Orphan X SERIES – Gregg Hurwitz

What are Orphan X’s ten commandments?

  1. Assume nothing.
  2. How you do anything is how you do everything.
  3. Master your surroundings.
  4. Never make it personal.
  5. If you don’t know what to do, do nothing.
  6. Question orders.
  7. One mission at a time.
  8. Never kill a kid.
  9. Always play offense.
  10. Never let an innocent die.

TITLE: ORPHAN X (Number 1)

Well done thriller. First of the series. Neat concept – a child trained up to a special purpose but without losing heart, made expert in all kinds of fighting, shooting, armaments, technology, and how to always stay one step ahead of an opponent. He is “Orphan X.” Now, Evan Smoak has left that life and serves people in serious trouble, one mission at a time. Hurwitz is skilled at creating tremendous, visually realistic scenes and twists and turns of plot that are both complicated and easy to follow (with the possible exception of the final confrontation but, it was possible to reread and “get it.”) I’ll read more of these.


The Orphan x books, in general are one of my favorite thriller series, ever. Less so Book Number 2. In this entry, Evan Smoak has been captured and finds himself drugged and “helpless” in what appears to be a chalet — who knows where. He is shut up in a luxurious room, dressed in new clothing and his captor is a very strange fellow with very strange proclivities. This is still worth the read, particularly to gather more information about the Orphan program that Evan ditched. Because… you can never leave. Who is behind his capture and what do they want? Don’t worry: The series gets better again and this is still well written and engaging. The way Evan thinks and resolves dilemmas and gets out of locked rooms and trouble is totally compelling. This was just not as much fun a read as when The Nowhere Man is on a mission of mercy and none of the usual characters connected to his condominium building or acting as his suppliers of gadgets are there. (You can tell I wrote this after completing the series.)


Jack Johns came into Evan Smoak’s life as his trainer for the Orphan program, a deeply secret government program that trains selected foster care kids to be genius assassins, using brains and unexpected approaches, as well as street fight style to outwit and eliminate their targets. Evan was one of these, the best — Orphan X. While most Orphans were trained out of having feelings, empathy, caring, Jack trained Evan differently. He ensured Evan understood and retained his humanity and he held him to a work ethic/semi-moral code via series of “Commandments.” Anyone, even “the best” who tries to leave the program endangers it. Evan knows too much. Now Jack needs Evan to find and secure the wellbeing of his latest trainee, Joey, who washed out of training. Evan may have capacity to be something other than cold and calculating, but he has no experience with feelings. Joey is exasperating, brilliant, prefers to be connected to Evan and she is a teenager who treats him like the parent she might rebel against if she had a parent. In trying to help Joey, Evan is up against other Orphans, trained to carry out missions no one else could pull off. The two involved already have grudges against Evan and this combined with their formidable skills and personal knowledge of Evan makes this a particularly tricky mission. As usual, Hurwitz weaves in more information about Evan’s childhood and years in the Orphan program. As usual, Hellbent ends by foreshadowing the next book in the series. Fortunately, I already had it in hand and promptly read it. These are not short books1 Be sure to start them early in the day so you aren’t up all night!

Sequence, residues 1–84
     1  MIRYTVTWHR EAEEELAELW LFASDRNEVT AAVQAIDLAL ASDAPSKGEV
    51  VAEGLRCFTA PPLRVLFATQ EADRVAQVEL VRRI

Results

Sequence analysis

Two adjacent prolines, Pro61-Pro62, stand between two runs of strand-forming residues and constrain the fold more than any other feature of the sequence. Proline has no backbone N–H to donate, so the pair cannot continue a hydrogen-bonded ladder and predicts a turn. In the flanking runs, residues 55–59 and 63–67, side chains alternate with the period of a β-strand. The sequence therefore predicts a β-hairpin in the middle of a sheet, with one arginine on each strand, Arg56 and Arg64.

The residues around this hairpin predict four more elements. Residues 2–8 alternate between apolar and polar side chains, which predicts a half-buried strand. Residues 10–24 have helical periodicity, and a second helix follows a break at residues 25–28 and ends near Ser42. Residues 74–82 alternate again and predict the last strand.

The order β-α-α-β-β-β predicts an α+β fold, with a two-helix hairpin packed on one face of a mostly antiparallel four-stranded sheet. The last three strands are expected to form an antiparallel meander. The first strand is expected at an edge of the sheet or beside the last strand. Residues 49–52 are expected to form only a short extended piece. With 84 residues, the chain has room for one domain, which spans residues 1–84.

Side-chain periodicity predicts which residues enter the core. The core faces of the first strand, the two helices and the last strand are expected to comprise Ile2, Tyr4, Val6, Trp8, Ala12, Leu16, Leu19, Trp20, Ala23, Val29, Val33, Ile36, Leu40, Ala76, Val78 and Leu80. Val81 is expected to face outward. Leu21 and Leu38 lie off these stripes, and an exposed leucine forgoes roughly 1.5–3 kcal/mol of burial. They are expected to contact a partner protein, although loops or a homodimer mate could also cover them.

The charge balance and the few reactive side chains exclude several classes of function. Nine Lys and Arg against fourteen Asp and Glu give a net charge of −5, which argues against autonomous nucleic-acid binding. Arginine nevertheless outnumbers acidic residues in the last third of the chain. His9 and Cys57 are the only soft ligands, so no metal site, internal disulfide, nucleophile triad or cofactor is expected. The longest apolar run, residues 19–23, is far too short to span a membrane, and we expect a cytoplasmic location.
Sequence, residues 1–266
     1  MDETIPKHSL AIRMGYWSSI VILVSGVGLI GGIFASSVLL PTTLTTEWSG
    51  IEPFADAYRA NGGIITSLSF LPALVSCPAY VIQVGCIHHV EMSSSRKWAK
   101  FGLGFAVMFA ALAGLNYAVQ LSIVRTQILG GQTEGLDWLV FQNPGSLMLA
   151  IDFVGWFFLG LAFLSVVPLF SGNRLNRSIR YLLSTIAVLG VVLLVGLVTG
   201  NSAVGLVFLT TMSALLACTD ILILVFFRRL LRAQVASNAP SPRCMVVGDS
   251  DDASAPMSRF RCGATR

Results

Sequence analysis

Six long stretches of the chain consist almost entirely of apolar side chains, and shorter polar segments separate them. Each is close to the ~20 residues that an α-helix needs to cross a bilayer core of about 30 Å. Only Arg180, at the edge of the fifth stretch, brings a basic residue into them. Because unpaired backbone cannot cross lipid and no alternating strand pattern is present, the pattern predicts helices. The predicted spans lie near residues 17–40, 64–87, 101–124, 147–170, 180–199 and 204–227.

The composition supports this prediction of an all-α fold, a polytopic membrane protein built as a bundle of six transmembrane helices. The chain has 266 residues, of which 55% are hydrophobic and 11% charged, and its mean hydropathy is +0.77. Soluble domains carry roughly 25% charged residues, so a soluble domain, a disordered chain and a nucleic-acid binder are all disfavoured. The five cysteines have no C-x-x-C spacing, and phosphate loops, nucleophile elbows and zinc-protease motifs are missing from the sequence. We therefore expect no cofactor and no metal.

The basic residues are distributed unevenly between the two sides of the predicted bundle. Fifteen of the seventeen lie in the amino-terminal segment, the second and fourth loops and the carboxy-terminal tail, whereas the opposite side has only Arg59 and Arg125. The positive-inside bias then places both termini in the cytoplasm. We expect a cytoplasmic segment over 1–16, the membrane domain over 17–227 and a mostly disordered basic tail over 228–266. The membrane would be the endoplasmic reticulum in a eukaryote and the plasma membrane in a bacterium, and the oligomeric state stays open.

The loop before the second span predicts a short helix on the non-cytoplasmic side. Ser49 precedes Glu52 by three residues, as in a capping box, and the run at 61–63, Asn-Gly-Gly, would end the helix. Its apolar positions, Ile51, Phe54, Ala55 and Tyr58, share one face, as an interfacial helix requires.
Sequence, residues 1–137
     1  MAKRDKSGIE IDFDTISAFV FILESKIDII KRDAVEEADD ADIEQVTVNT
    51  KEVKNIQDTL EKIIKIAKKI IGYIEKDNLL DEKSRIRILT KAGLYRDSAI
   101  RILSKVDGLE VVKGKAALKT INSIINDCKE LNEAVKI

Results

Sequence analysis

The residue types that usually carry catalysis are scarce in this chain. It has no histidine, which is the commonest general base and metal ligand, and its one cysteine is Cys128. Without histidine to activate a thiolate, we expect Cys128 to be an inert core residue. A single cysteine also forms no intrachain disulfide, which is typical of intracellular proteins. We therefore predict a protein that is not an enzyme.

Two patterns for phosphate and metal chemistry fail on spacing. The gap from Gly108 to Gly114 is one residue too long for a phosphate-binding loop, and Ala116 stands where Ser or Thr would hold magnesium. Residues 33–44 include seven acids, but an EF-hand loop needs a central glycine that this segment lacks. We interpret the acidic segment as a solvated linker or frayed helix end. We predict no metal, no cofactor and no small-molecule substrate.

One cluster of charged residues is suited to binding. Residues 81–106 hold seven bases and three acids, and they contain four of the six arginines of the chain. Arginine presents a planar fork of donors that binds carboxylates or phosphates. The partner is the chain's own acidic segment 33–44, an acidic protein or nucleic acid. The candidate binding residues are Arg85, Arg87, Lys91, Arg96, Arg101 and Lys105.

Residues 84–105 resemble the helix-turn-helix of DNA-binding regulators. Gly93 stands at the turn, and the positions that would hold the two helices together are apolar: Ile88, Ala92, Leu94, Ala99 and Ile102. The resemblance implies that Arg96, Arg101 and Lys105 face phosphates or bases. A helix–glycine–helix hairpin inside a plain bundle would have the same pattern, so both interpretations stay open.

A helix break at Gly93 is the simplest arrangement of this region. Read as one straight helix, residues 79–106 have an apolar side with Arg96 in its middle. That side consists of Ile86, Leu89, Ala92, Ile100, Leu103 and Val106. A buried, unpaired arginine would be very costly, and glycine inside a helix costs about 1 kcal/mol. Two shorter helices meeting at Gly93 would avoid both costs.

One major problem with reviewing the Orphan X/Nowhere Man books is trying to get across how incredibly entertaining they are without one spoiler after another. Oddly, my least favorite part of Out of the Dark is the storyline about Evan’s very necessary plan to assassinate the president of the United States, former head of the Orphan program. This was a deep dark secret government operation of highly trained assassins used for highly improper hits. While the program is discontinued, if information about its past gets out, this would be very uncomfortable for President Bennett and he has shown his hand: He is working feverishly to eliminate the Orphans and their trainers by any means possible. Don’t get me wrong: watching Evan mess with cops and the Secret Service is lots of fun. And trying to kill the President provides many opportunities for Hurwitz to showcase his usual ingenuity, writing new ways, sometimes extremely fanciful and high tech and sometimes as simple as a fist full of salt, for Evan to get out of trouble. It’s also a lot of fun to find out who the President unleashes to counteract Evan’s plan and to see he’s the one who ends up dead, but I digress. I like best Evan Smoak’s current Nowhere Man mission to help Trevon Gaines a 27 year old man with intellectual disabilities, living on his own because his Mama wants him to be as self-sufficient as possible. Trevon has a checklist on his wall:
Goals for the Day

  1. Make more eye contact with folks.
  2. Smile more when you see folks.
  3. Ask a personal question when someone asks you one.
  4. Don’t overshare about stuff that bugs you.